While his apparently phony suicide note is a page out of Samuel Israel’s playbook, one aspect of missing hedge fund manager Arthur Nadel’s case seems to be pure Bernard Madoff.
Nadel, the Florida hedge fund manager who disappeared on Jan. 14 and has since been charged by the Securities and Exchange Commission with fraud, apparently used an unlicensed accountant to audit his hedge funds. Michael Zucker, who allowed his CPA license to lapse in 1990, has called himself the “internal accountant” for Nadel’s six funds, and pronounced himself “blindsided” by Nadel’s disappearance. It was Zucker who said that Nadel fled the week his firm was due to make $50 million in payments to his investors.
A 2003 prospectus for the Viking IRA Fund referred to him as “Michael Zucker, CPA.” But Zucker is not a certified accountant, and got in trouble for claiming such in 1999, when the Florida Department of Business and Professional Regulation ordered him to stop his “unlicensed and illegal” practice of serving as a CPA.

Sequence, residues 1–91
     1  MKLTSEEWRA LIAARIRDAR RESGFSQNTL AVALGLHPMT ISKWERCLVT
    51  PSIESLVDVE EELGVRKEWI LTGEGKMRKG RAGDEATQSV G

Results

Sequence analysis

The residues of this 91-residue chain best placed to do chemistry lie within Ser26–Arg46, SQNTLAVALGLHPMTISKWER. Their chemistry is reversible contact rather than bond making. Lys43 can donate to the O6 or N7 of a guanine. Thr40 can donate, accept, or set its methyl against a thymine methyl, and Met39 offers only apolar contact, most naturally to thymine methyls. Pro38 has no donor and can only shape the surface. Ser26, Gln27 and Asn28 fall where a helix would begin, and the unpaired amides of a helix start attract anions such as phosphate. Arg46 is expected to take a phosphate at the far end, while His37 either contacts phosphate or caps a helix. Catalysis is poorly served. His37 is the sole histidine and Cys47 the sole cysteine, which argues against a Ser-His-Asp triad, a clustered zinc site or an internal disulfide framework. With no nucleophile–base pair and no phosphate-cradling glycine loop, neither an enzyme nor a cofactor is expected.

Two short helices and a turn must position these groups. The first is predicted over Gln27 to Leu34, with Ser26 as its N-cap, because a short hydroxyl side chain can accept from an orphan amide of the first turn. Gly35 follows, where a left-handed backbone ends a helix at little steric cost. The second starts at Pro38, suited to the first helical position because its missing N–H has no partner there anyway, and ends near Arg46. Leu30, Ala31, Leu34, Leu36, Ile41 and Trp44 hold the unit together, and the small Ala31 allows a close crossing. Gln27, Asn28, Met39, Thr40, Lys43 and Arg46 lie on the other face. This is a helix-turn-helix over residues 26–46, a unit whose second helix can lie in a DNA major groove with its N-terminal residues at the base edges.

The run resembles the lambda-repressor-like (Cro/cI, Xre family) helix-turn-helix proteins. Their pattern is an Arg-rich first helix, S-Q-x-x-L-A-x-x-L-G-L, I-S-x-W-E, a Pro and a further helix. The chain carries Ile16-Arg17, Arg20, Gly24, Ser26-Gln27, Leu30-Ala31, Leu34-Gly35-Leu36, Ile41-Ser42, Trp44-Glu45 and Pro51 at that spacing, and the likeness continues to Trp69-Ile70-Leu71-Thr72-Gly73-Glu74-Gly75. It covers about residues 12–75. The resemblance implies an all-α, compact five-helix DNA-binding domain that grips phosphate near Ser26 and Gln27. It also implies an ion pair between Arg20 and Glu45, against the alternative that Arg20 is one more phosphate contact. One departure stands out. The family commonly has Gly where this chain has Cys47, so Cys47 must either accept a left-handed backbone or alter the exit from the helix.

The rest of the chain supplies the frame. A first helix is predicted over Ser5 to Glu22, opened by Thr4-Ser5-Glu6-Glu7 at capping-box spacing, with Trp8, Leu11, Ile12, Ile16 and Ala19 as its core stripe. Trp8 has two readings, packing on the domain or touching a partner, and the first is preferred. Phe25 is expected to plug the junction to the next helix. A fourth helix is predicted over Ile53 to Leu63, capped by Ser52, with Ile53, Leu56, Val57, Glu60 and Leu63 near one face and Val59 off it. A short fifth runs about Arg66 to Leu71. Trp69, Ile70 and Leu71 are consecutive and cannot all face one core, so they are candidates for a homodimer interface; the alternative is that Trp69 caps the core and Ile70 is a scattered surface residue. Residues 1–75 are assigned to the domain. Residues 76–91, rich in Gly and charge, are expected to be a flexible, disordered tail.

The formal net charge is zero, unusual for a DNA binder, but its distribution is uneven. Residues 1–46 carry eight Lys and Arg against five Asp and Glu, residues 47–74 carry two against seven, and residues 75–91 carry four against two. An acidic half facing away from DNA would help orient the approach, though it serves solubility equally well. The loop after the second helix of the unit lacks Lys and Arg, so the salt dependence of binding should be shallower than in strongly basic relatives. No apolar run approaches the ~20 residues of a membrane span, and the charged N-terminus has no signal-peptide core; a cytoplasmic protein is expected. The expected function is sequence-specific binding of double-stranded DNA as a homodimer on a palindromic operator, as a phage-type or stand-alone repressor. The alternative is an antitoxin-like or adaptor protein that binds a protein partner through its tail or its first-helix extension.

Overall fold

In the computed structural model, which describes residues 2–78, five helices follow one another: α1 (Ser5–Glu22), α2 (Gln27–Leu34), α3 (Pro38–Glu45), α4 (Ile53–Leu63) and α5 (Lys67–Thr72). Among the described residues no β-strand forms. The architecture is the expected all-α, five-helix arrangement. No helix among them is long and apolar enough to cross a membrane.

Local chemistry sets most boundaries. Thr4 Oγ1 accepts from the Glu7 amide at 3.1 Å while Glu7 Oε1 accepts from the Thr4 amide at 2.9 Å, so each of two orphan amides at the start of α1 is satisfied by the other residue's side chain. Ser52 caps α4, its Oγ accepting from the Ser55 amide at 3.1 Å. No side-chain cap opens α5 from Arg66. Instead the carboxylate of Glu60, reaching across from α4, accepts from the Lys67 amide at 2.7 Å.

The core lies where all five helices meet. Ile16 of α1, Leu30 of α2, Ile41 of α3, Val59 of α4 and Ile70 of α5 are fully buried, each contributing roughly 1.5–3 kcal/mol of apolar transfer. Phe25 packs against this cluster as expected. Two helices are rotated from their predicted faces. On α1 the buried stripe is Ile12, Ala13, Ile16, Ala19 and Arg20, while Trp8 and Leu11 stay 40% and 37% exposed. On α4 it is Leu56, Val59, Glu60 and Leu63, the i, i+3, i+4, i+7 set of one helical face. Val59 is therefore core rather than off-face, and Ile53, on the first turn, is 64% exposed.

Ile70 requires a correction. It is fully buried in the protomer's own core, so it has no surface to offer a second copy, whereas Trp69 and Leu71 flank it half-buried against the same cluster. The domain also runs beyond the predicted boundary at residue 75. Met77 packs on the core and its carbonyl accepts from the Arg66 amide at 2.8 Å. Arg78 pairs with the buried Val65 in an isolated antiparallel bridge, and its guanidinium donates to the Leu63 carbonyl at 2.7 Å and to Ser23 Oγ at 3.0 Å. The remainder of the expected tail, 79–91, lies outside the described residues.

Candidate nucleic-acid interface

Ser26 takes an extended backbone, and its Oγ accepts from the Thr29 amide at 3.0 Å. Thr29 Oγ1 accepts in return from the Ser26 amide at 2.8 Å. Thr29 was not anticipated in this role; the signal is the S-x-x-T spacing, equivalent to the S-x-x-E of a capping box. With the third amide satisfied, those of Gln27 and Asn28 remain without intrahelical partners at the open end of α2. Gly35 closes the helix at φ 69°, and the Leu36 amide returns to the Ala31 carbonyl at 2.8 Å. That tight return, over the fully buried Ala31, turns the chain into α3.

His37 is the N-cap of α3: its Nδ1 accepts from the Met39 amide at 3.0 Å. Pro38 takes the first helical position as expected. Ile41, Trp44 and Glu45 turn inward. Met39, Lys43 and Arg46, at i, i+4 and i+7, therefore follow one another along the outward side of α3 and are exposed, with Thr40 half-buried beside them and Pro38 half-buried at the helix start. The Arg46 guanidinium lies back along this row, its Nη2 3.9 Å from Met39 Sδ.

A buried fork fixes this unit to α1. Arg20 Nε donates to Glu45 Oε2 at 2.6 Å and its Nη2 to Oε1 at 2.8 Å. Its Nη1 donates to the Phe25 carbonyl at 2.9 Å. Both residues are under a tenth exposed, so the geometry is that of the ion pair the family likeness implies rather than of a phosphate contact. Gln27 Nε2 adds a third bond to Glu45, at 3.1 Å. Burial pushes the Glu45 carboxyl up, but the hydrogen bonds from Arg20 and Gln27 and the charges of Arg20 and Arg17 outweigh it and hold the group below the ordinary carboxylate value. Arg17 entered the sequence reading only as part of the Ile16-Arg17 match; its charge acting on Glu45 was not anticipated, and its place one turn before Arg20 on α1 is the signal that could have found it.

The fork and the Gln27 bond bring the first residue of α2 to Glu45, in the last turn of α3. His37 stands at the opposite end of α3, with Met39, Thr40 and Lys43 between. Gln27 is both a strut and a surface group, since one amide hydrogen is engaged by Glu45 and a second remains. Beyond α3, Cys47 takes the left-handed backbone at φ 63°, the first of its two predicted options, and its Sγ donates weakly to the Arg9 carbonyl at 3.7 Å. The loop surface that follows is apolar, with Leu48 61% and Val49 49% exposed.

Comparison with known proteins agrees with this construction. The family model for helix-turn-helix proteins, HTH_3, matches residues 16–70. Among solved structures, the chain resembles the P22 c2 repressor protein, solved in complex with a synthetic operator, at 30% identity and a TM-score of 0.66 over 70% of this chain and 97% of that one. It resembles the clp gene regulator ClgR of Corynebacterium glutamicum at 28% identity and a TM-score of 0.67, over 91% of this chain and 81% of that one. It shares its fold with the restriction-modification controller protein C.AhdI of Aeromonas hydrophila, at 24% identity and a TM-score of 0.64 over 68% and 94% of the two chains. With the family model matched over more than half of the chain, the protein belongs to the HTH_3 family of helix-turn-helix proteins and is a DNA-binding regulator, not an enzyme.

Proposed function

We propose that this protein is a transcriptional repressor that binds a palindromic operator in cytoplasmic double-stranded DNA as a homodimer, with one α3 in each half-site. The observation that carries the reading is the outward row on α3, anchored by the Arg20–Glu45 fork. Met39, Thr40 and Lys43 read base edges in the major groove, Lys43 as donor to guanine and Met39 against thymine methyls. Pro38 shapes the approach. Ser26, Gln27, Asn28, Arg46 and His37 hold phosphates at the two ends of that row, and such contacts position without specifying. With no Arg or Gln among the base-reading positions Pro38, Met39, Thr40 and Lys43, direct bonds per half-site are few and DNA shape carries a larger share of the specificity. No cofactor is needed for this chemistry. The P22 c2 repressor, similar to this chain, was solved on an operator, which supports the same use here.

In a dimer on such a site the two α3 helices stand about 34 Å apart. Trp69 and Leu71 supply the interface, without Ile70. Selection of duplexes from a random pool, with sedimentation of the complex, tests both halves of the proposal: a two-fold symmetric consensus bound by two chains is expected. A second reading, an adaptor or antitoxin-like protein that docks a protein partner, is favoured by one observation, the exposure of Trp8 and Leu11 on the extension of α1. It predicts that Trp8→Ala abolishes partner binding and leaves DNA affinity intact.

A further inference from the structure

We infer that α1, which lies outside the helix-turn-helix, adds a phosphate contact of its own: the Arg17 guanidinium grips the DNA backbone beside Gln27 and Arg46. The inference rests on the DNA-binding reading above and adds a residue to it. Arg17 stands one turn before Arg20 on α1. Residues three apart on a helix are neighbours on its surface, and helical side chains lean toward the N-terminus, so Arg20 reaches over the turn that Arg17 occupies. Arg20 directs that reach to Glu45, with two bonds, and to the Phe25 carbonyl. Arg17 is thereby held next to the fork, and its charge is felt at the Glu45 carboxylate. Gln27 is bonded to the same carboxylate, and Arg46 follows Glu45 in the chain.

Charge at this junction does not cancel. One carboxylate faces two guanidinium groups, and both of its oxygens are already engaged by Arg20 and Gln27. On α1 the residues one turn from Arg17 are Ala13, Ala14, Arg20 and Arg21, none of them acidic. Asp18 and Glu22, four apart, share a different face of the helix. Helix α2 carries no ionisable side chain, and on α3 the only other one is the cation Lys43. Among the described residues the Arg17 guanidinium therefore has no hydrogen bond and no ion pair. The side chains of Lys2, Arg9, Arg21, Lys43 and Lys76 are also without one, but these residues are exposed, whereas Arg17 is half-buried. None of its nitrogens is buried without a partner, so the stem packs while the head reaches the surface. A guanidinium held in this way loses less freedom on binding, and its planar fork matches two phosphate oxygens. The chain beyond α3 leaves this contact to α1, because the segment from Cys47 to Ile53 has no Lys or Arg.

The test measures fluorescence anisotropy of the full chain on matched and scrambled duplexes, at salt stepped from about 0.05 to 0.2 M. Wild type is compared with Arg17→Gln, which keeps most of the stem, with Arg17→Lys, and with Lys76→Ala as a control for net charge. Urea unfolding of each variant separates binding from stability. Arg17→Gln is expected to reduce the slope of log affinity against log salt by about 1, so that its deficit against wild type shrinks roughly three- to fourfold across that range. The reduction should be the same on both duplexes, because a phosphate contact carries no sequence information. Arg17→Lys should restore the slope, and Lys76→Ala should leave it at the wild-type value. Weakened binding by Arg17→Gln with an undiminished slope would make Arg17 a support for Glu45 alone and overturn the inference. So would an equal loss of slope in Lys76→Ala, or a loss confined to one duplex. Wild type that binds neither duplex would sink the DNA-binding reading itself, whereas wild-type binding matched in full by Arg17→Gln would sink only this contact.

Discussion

A 2006 prospectus for another Nadel hedge fund, Valhalla Investment Partners, made Zucker’s position clearer: “Michael Zucker, who is neither a certified nor public accountant, serves as the partnership’s accountant.”
Madoff, charged in a Ponzi scheme more than 100 times the size of Nadel’s, also used an allegedly fishy accountant: Friehling & Horowitz, the suburban New York firm that audited Madoff’s investment advisory business, had told the American Institute of Certified Public Accountants that it has not conducted an audit for 15 years. But it was listed on Bernard L. Madoff Investment Securities’ state of financial condition as the auditor.